The love song of the cicadas is the signature sound of the Japanese summer day, just as the multipart harmonies of the frogs’ chorus dominate the nights of the rainy season. The cicadas are astonishingly loud. The hotter the sun beats down, the louder and more frenzied their song. When you walk past trees full of cicadas (for example, on my way to work), the noise level is so loud that you would have to shout to be heard; it is literally deafening.
Normally, you can hear them but you can’t see them. They are well camouflaged. Even when the noise of massed cicadas from a tree is so loud that it seems to rip the summer air in two, you will search in vain. There are two types: the kumazemi (bear cicada) making a sharp high repeated drone like a vuvuzela; and the minminzemi (min-min cicada), whose song sounds weirdly electronic, like a high-pitched air-raid siren spinning up again and again: minnnn minnnn minnnn…
Here is a picture of a live adult cicada—it looks like a large, armoured fly with big, wide-spaced eyes.
“Lou soleou mi fa canta”
What you can see, however, is the senzei discarded shells of the cicada nymphs. Everywhere. The cicada moults by splitting open the back of its shell, the adult insect climbs out and flies away, and the empty shell is left behind on the road, on a leaf or the trunk of a tree, even on the back of another cicada shell. The adults only live for about 10 days (having lived for many years as nymphs).
Today we went hill-walking in the northern part of Osaka prefecture. We climbed a mountain called Kenbi-san (which is a very interesting place, and I will write about it in a separate post).
Walking through the forest in summer, you are surrounded by the sound and movement of living things. Lizards, frogs, all kinds of large and colourful insects.
We saw a dead mamushi snake on the path, a reminder that we (or more precisely, the dogs) need to be careful. Especially because Shiro has a tendency to regard all of these living creatures as food. Today he found a cicada on the ground and ate it: munch munch munch. He seemed to enjoy it a lot.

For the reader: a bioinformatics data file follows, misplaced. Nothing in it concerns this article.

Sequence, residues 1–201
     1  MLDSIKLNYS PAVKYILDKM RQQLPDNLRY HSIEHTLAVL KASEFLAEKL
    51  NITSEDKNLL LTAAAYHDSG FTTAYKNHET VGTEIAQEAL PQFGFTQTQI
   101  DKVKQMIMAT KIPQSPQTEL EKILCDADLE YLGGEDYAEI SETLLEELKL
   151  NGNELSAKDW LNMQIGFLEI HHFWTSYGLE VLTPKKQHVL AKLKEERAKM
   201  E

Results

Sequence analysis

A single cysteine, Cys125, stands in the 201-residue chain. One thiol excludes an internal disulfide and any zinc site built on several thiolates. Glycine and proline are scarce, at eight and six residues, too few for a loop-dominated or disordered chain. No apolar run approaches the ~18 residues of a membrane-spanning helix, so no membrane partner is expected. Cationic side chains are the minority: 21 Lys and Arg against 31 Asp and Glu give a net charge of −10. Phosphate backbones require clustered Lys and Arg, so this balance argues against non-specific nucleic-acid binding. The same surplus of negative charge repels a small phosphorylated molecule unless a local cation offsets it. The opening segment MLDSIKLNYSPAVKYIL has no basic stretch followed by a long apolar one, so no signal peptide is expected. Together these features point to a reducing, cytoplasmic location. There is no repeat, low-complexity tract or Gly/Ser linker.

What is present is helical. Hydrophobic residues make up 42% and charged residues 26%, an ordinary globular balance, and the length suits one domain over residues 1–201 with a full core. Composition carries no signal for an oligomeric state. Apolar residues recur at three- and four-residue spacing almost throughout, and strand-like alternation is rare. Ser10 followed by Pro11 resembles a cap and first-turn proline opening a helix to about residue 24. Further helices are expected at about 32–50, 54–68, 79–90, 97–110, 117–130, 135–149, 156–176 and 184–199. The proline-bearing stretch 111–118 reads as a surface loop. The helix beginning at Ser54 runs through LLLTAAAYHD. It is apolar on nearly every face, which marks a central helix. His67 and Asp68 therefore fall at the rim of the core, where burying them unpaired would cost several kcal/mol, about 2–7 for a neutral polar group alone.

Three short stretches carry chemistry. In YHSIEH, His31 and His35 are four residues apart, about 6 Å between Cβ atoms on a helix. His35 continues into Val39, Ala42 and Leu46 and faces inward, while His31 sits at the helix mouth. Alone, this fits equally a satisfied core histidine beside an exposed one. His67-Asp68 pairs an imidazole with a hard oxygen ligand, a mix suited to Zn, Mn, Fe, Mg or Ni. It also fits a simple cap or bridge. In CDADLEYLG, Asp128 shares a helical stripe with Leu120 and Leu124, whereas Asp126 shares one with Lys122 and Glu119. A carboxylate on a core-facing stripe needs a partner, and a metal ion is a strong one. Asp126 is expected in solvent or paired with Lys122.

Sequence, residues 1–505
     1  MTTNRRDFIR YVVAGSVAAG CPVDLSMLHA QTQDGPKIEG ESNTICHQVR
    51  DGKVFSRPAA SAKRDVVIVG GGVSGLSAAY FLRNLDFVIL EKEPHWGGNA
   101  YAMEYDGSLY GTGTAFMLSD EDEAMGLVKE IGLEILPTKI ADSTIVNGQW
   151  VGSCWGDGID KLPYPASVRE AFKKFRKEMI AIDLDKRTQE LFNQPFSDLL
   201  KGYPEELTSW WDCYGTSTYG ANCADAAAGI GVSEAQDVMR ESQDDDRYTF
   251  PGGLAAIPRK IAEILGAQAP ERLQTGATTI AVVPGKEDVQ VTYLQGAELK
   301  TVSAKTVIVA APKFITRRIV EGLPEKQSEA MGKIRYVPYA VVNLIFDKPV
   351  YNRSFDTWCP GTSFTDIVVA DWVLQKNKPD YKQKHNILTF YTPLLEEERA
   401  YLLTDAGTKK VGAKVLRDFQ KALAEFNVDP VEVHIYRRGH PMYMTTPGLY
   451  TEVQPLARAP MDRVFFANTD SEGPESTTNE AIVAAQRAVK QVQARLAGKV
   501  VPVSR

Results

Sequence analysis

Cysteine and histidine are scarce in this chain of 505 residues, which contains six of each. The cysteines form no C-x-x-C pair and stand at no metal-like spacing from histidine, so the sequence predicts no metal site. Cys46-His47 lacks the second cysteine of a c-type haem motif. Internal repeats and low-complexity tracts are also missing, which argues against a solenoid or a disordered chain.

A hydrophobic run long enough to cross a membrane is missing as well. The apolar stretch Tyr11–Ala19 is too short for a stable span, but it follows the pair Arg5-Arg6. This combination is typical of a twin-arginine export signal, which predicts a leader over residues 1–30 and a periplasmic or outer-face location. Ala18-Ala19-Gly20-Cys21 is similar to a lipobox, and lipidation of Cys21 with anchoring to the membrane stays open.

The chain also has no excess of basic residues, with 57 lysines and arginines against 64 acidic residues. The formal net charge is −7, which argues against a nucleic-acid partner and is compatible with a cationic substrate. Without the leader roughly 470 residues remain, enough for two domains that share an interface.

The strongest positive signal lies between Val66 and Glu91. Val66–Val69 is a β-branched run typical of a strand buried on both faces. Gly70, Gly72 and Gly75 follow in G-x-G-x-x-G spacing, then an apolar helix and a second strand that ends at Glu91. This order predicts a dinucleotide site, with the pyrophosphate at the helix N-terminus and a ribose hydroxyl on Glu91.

On a previous occasion we had to rescue a baby turtle from Shiro’s mouth—it was crossing the path in front of us and Shiro obviously thought it looked tasty. (Mmmm, crunchy on the outside, soft on the inside!) Fortunately it was unharmed and continued on its way.
Check out this amazing caterpillar:
Note on the word of the day:
Just because a kanji exists doesn’t mean it’s well known or widely used. In many cases, Japanese people will write the name of an animal, tree or fish in katakana. So I wasn’t sure whether to title this post with the kanji character 蝉 or to just write the word semi in katakana: セミ. After all, it’s not as if I knew the character. And as a learner, I have no real way of knowing whether a particular kanji is in common use, or utterly obscure. But I asked Yuko if she knew the kanji for cicada, and she assured me that she did, so I decided to use the kanji.
As you would expect, the left-hand side of the character is the semantic element 虫 mushi, meaning “insect” or other crawling thing. This is found in the name of many creatures, including three that have featured in previous posts: 蛙 kaeru—frog; 蛍 hotaru—firefly; and 蝶 chou—butterfly. It’s also in the characters for bee, mosquito, snake, ant, and so on. The right-hand side is the character 単 tan meaning “simple” or “single”.